They know, after some manner, that there is a God, yet they live without any religion or divine worship. Yea, as far as I can learn, they believe not in nor serve the devil, as many other nations of America do both believe, invoke and worship him. Hereby they are not so much tormented by him, as other nations are. Their ordinary food, for the greatest part, consists in several fruits; such as are called bananas, racoven, ananas, potatos, cassava; as also crabs, and some few fish of other sorts, which they kill in the sea with darts. As to their drink, they are something expert in making certain pleasant and delicate liquors. The commonest among them is called achioc. This is made of a certain seed of palm-tree, which they bruise, and afterwards steep or infuse in hot water, till it be settled at the bottom. This liquor being strained off has a very pleasant taste, and is very nourishing. Many other sorts of liquors they prepare, which I shall omit for brevity. Only I shall say something, in short, of that which is made of platanos. These they knead betwixt their hands with hot water, and afterwards put into great calabashes, which they fill up with cold water, and leave in repose for the space of eight days, during which time it ferments as well as the best sort of wine. This liquor they drink for pleasure, and as a great regale, in so much that when these Indians invite their friends or relations they cannot treat them better than to give them some of this pleasant drink.
They are very unskilful in dressing of victuals; and hence it is that they very seldom treat one another with banquets. For this purpose, when they go or send to any house, to invite others, they desire them to come and drink of their liquors. Before the invited persons come to their house, those that expect them comb their hair very well, and anoint their faces with oil of palm, mingled with a certain black tincture which renders them very hideous. The women, in like manner, daub their faces with another sort of stuff, which cause them to look as red as crimson. And such are the greatest civilities they use in their ornaments and attire. Afterwards, he that invites the other takes his arms, which are three or four azagayas, and goes out of his cottage the space of three or four hundred steps, to wait for and receive the persons that are to come to visit him. As soon as they draw near him, he falls down upon the ground, lying flat on his face, in which posture he remains without any motion, as if he were dead. Being thus prostrate before them, the invited friends take him up and set him upon his feet, and thus they go altogether to the hut. Here the persons who are invited use the same ceremony, falling down on the ground, as the inviter did before. But he lifts them up one by one, and, giving them his hand, conducts them into his cottage, where he causes them to sit. The women on these occasions perform few or no ceremonies.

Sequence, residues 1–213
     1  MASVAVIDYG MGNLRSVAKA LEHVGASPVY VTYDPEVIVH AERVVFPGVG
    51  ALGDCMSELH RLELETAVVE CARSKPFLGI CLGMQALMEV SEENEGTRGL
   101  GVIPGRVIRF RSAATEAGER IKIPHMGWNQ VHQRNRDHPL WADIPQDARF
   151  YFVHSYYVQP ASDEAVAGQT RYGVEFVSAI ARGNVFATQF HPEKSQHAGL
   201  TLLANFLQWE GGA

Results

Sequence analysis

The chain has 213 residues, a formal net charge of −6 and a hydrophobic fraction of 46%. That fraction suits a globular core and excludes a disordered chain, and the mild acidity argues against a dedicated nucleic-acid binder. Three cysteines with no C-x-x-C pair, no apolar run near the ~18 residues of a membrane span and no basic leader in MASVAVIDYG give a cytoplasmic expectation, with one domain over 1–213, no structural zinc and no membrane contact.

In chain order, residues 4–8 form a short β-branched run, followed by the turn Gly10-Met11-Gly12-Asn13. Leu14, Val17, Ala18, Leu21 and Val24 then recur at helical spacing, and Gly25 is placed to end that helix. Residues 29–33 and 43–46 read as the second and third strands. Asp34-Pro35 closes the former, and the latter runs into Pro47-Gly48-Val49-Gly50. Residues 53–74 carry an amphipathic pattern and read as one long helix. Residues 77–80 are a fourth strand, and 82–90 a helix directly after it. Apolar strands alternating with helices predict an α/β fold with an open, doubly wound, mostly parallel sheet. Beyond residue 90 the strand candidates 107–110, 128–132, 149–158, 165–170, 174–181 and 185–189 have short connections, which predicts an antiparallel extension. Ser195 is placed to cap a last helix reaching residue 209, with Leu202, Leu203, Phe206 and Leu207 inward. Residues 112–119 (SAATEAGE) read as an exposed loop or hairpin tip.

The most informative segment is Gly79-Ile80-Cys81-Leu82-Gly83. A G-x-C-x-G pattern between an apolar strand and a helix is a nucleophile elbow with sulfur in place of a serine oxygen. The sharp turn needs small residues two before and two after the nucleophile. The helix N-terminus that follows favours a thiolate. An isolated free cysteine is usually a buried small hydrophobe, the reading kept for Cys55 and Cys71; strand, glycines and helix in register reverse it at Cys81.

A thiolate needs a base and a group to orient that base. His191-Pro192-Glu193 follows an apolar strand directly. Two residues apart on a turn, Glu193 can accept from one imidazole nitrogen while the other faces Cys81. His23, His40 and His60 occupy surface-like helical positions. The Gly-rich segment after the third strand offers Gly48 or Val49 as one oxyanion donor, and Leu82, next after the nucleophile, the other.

Being thus brought into the house, they are presented every one with a calabash full of the liquor abovementioned, made of platanos, which is very thick, almost like water-gruel, or children's pap, wherein is contained four quarts, more or less, of the said liquor. These they are to drink off as well as they can, and get down at any rate. The calabashes being emptied into their stomachs, the master of the house, with many ceremonies, goes about the room, and gathers his calabashes. And this drinking hitherto is reckoned but for one welcome, whereas every invitation ought to contain several welcomes. Afterwards, they begin to drink of the clear liquor above-mentioned, for which they were called to this treat. Hereunto follow many songs and dances and a thousand caresses to the women that are present.